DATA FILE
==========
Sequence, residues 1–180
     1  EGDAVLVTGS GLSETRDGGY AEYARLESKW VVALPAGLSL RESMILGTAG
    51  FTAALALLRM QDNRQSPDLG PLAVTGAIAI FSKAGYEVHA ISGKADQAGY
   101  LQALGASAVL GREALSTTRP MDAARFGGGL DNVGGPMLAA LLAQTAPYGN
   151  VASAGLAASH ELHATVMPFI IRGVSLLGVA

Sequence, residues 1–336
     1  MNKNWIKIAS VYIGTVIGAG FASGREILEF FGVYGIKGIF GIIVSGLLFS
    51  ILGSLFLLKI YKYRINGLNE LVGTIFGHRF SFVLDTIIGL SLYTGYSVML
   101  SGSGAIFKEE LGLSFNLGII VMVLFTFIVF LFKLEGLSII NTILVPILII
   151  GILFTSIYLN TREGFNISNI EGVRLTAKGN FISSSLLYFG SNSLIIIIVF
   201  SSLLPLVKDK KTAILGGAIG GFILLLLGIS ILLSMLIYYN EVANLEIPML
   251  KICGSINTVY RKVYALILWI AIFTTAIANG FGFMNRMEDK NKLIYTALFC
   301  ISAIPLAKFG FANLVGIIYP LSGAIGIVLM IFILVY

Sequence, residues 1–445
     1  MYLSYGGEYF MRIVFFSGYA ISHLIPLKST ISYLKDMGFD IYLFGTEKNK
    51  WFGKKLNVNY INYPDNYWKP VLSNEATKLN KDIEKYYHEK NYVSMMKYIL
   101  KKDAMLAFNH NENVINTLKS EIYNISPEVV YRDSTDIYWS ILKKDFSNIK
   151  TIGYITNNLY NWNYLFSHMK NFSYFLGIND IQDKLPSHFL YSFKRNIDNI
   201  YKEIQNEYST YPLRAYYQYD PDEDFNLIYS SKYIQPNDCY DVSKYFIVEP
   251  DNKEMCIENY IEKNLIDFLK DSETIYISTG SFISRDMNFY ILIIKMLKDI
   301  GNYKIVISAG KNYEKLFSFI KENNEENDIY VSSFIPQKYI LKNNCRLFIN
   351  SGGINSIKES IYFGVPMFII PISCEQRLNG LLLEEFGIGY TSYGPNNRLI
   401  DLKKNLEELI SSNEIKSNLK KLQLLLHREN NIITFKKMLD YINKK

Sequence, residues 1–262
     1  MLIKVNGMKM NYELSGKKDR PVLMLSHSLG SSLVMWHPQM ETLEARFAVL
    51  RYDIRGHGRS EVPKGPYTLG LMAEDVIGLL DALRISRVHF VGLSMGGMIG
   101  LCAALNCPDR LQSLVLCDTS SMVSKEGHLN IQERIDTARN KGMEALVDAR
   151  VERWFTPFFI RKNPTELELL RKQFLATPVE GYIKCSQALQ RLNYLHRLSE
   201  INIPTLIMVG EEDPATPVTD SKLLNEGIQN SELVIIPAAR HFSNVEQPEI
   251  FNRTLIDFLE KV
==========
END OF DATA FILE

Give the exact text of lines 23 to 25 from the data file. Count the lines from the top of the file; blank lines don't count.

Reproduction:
   401  DLKKNLEELI SSNEIKSNLK KLQLLLHREN NIITFKKMLD YINKK

Sequence, residues 1–262
     1  MLIKVNGMKM NYELSGKKDR PVLMLSHSLG SSLVMWHPQM ETLEARFAVL